A Grockle’s Eye View of Cornwall 6: Historic Plymouth

Continuing my account of my most recent visit to Cornwall.

INTRODUCTION

Yes, Plymouth is Devon not Cornwall, but my visit to the town was part of my stay in Cornwall, so it belongs in this very spread out series of posts.

THE WAR MEMORIAL

This particular memorial honours those lost at sea as well as those killed in war, because Plymouth is very much a naval town.

Memorial - distant view
A first, distant view of the memorial
Memorial base
A series of close-ups – each vertical bronze panel around the base is a list of names.

Memorial close-up IMemorial close-up IIMemorial close-up IIIMemorial close-up IVMemorial close-up VMemorial close-up VIMemorial close-up VII

Memorial and Lighthouse in the distance

OTHER PICTURES FROM HISTORIC PLYMOUTH

There were plenty of other things to see around the sea-front…

Warrior statuestatue and flagsColumn topLighthouseWarrior statue IILooking along The HoeTrident wielding statueIslandsbuildings overlooking The HoeLighthouse plaqueYachts and a warshipObservatoryWelcome to Plymouth HoeYahcts and a warship IILighthouse IIRAF StatueMapSea View IIIMemorial and Lighthouse in the distanceSmall HarbourIslandGrand building, PlymouthChurch Tower

Circualr paving pattern
A quirky pavong arrangement…
Eddystione Lighthouse
…and an explanatory plaque

Building on way back to ferry

AN ITEM OF SHERLOCKIANA

It will be no news to followers of this blog that I am a fan of the world’s first and greatest consulting detective, so it was pleasing to acquire a photograph with a connection in that direction:

ACD blue plaque

One of Holmes’ most famous cases takes place on Dartmoor, not far from Plymouth.

THE RETURN CROSSING

It was now time to recross the county boundary into Cornwall, one again on the Edgecumbe Belle.

QuaysideStatue atop buildingWaterside buildingView from the Ferry (I)View from the Ferry (II)View from the ferry (III)Approaching CremyllCormorantFrameworkTrio of tower blocksSlipway

Calling All Sherlockians…

A flag-up of the latest piece on my London Transport themed website.

The latest post on my London Transport themed website looks at the paucity of mentions of London Underground in the official canon of stories about the world’s most famous consulting detective (from whose rooms Baker Street station is visible vide The Adventure of the Beryl Coronet).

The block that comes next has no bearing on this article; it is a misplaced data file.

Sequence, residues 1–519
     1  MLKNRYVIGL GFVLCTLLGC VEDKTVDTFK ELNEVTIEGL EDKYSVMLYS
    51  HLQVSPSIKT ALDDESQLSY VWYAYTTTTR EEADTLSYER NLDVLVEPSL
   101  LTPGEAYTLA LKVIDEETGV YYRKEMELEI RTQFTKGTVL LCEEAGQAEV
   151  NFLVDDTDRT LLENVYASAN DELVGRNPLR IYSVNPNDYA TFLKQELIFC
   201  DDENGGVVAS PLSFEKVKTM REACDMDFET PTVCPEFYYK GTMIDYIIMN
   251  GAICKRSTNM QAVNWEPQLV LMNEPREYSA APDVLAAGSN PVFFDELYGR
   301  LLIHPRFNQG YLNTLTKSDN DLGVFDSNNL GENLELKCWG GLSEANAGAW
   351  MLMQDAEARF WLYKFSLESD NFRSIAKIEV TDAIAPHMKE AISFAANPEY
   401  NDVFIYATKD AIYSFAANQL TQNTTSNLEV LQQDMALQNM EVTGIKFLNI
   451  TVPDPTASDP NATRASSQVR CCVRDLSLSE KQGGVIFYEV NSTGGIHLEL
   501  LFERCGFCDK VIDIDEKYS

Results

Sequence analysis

INTRODUCTION

Only one of the original canon of Sherlock Holmes stories features any action on what is now London Underground, the Adventure of the Bruce-Partington Plans, which features tracks on today’s Metropolitan, District, Circle and Hammersmith & City lines. In The Adventure of the Beryl Coronet mention is made of the fact that Baker Street station is visible from 221B. The rest of this post is going to examine that lacuna from the London Underground viewpoint.

Read the rest of the piece at: http://www.londontu.be/sherlock-holmes-and-london-underground/

Please share widely!

Special Post: Baker Street

INTRODUCTION

This post is the fifth in a series I am running on this blog providing a station by station guide to London.

HISTORY, ASTRONOMY AND DETECTIVES

Baker Street was one of the original stations that opened in 1863 as The Metropolitan Railway, the world’s first underground public transport system, on January the 10th 1863. Those platforms, two of 10 at that station (the most on the entire system) to be served by underground trains, are still in service today, and have been restored to look as they would have done when first opened. Ironically, they are no longer served by the Metropolitan line, which uses two terminal and two through platforms just to the north of the originals, its tracks joining those of the Hammersmith and City and Circle lines just east of Baker Street. By way of explanation I turn to Douglas Rose’s London Underground: A Diagrammatic History


DSCN6333